This is a new high Veteran plate which was recently spotted by Bruce Bufalini.  This plate series dates back to 2005 with a starting point of 00001U/S.  The vehicle must be owned or co-owned by a veteran or service member who served or is serving in the U.S. Armed Forces.  There is also a Veteran Motorcycle plate.  Not to be confused with those, there are also Honoring Our Veterans, Honoring Our Veterans (motorcycle) and Honoring Our Women Veterans plates which are all Special Fund plates, and do not require the plate holder to be a veteran.

 


Click this vanity page link to see this week's display of 8 new photos of vanities or personalized plates.  The vanity PD shown here is thanks to Tee Adams.  See others from Arthur Levine, Jerry McCoy, H. Kelly, and others from Tee Adams.

 


This is the start of a new feature with a page dedicated to old plates in actual use.  The thumbnail photos to the left show a 1917 Tractor plate in use on a Case tractor of the period.  Clicking these thumbnails will take you to the Older Plates In Use page where larger photos can be enlarged still more to the native resolution of the scanned images.    A big Thank You to Jason Cook for the tractor photos.  I will be adding additional Tractor photos in the coming weeks.  This new page also shows Older Truck Plates In Use.  Most of the truck photos came from elsewhere on this website.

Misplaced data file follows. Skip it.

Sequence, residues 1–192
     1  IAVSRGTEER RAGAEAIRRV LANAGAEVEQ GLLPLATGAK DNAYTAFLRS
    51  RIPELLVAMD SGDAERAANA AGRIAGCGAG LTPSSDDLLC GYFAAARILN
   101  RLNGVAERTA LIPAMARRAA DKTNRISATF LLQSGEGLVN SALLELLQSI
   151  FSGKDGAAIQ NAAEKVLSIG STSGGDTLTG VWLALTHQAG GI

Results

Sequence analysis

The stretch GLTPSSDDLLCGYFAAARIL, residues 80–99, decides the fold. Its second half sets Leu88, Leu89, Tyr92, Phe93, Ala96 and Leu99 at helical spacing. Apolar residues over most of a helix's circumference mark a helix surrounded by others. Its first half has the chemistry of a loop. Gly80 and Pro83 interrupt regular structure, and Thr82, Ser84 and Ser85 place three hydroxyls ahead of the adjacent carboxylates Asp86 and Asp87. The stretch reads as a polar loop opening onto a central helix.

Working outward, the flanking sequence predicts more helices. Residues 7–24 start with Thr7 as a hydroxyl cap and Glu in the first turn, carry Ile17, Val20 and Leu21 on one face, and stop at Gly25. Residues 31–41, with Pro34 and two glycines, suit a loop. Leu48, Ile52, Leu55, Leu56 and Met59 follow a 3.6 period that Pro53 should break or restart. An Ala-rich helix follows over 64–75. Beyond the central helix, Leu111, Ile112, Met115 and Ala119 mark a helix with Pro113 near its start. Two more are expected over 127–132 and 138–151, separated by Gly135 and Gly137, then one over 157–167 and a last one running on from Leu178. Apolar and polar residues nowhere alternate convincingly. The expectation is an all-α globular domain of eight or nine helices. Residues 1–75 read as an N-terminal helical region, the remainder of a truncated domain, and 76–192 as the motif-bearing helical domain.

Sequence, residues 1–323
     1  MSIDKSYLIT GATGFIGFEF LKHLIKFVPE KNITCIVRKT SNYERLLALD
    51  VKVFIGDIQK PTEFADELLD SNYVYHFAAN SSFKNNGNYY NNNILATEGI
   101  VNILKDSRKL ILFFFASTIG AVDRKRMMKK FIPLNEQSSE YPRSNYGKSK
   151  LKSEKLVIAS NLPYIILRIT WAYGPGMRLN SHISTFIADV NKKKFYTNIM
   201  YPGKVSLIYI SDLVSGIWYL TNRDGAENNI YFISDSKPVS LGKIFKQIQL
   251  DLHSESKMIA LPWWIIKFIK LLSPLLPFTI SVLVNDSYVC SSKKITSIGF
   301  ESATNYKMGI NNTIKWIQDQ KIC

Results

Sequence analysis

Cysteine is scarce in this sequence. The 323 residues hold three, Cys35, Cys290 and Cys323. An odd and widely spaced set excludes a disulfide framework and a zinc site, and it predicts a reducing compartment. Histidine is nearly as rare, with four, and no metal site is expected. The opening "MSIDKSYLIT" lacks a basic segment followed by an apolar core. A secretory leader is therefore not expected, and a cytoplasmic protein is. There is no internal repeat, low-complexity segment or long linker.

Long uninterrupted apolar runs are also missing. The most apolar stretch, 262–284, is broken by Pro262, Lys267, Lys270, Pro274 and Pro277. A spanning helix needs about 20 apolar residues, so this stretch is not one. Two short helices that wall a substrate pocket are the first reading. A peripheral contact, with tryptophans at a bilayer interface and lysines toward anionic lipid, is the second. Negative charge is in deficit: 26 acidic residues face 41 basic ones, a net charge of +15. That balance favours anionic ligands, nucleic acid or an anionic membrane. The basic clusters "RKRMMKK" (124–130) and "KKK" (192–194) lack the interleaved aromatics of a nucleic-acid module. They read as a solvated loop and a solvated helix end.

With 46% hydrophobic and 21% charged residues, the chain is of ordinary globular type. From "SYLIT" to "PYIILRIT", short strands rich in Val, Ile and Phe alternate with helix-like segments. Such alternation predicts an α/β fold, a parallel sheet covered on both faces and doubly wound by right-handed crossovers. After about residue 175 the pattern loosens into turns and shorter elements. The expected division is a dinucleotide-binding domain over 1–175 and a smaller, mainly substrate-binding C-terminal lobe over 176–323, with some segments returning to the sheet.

Like the 1926 Y-Class Truck plate from last week, here are before and after photos of a 1936 V-Weight Class Truck plate thanks to Rob Baran.  Rob performed some cleaning and sanding.  Nice to see that there was still color underneath.

 

 


These are 1943 Truck Validation Tabs, as you may know they were issued in place of new plates for 1943, due to the war effort.  These tabs were to be mounted in the upper left hand bolt hole to cover up 42.  While the tabs above may look pretty much alike, they all represent a different weight class starting with R and progressing to Y, and then ZZ.  Click the thumbnail images to see the class and serial number stamped below the 3-31-44.  These are thanks to Rob Baran.  The last tab is actually a rare ZZ-weight class tab thanks to John Anshant.  I still need a Z-class tab photo.